Sermon Synopsis Scripture Passage Luke 4:1-13

I’m not the person that I thought I was…

For Christmas I received an autosomal DNA test from Family Tree DNA.
The results of my test came in and debunked much of the oral history passed down in my family for decades. My biological father (yes I have a few so I need to differentiate) always told us that we had Native American ancestry. I took some pride in this belief even if it turned out to be a fraction. I was looking forward to discovering which tribe I would align myself with and beginning the journey to my “roots.”

Nope… Nada… Not a speck…

Apparently my genetic code leans more heavily towards lederhosen and yodeling than moccasins and drumming. My genetic makeup is mostly Swiss with traces from the surrounding European countries including the UK (England, Scotland, Wales and Northern Ireland), an even smaller percentage from Finland and northern Siberia and Portugal and southern Europe. Isn’t it amazing how myth compares with reality?

The Jesus presented in our text bears little resemblance to the myth of the Messiah that God’s people
were waiting to meet. Arguably this is still true for the church today.

The Jesus of our gospel is tempted to turn stones (the gospel of Matthew uses the plural) into bread.
This will surely prove to everyone that he is the Son of God! The Messiah that Satan describes is the Christ of those who follow the “prosperity gospel.” If we just trust enough… if we just believe enough… if we just “GIVE” enough… we will be rewarded with whatever we desire. This Jesus is a golden calf that we sacrifice to in order to enrich ourselves. Remember when Jesus fed thousands with a few loaves of bread and a couple fish? He had to send his disciples into the boats and went up into the hills alone because the people wanted to take him by force to make him their king. What better messiah than one who miraculously feeds us? Jesus rejects this prosperity gospel.

Next Jesus is offered all of the political power of the world. Satan states (and Jesus does not dispute) that the world belongs to him and he can give it to whomever he chooses… if only Jesus would worship him. I can think of no better example of politics today than this text; everyone working to enrich themselves on the backs and bodies of others. The true kingship of Christ is made manifest not by the church of his day, but by Pilate who placed above the head of Jesus on the cross a sign reading “The King of the Jews.” Jesus displayed his kingship by being willing to suffer for the good of others. If only we would measure our politicians today by their altruism rather than their arrogance.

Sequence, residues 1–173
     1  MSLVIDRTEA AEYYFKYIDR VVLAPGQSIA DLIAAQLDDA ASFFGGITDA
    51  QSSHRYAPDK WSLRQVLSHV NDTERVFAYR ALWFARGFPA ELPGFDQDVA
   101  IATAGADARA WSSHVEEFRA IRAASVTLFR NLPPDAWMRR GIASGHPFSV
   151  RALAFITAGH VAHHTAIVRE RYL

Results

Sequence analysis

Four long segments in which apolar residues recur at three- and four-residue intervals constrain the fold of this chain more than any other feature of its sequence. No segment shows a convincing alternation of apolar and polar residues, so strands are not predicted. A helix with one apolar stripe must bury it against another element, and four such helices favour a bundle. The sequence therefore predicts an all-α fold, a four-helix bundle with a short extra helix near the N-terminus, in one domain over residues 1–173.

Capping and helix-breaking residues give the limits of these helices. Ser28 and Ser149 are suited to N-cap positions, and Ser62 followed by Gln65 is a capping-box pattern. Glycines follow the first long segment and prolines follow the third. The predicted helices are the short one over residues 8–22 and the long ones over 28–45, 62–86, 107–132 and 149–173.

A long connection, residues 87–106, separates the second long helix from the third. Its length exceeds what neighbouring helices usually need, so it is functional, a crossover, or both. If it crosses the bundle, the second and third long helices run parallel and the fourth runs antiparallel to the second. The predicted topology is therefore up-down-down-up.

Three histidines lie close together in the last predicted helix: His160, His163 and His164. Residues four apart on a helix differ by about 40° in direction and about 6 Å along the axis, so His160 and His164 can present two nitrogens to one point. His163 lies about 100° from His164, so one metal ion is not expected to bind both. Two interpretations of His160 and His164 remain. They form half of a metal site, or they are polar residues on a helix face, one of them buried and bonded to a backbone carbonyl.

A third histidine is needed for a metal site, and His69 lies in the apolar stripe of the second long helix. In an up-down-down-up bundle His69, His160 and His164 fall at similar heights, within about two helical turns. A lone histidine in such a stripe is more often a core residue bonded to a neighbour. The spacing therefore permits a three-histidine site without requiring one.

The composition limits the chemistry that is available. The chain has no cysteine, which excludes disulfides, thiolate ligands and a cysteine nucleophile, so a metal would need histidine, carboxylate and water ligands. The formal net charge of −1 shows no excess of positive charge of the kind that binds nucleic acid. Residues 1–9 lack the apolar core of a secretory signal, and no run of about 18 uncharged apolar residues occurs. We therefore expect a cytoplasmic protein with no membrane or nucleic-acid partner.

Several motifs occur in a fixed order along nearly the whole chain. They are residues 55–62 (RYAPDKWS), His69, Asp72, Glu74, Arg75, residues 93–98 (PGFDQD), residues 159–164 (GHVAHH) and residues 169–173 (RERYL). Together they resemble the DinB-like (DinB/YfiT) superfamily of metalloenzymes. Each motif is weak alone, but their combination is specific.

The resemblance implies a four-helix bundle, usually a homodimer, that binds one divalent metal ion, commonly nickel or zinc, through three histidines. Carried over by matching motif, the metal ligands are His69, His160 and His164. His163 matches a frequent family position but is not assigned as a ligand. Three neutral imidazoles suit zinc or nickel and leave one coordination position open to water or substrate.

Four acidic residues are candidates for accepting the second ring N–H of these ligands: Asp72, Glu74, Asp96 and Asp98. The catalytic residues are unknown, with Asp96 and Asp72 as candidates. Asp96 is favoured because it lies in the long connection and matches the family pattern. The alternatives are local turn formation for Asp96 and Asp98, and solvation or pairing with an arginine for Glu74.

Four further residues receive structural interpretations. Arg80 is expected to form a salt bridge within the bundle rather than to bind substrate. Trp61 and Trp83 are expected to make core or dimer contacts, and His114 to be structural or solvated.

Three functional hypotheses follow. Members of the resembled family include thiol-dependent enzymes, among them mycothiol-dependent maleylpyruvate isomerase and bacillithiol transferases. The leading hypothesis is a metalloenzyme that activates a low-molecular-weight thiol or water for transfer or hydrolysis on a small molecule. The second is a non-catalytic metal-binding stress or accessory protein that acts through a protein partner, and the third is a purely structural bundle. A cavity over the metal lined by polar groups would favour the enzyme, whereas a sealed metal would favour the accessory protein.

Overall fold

The final temptation was the challenge for Jesus to leap from the tallest tower of the temple in Jerusalem and believe (Satan quotes the scriptures) angels would not allow his harm. In contrast I am reminded of Jesus telling Peter in the garden to put away his sword for if Jesus wished he could call over 70,000 angels to prevent his arrest. Peter could not understand how his messiah would not destroy the foreign oppressors. I wonder how many Christians quote scripture today to justify their fear and bigotry all the while ignoring Jesus’ example of self sacrifice for strangers.

The messiah myth is a selfish attempt to justify our own desire for possessions and power and the assurance that God loves us more than (or rather than) those outside our particular denomination. We use Jesus as a political argument to support our own biased views.

The messiah reality shown in the gospel is the living example of God’s love for us despite ourselves. It is an invitation for us to follow Jesus’ example and accept and welcome others as he has accepted us with all our imperfections and brokenness. This is the messiah that I proclaim.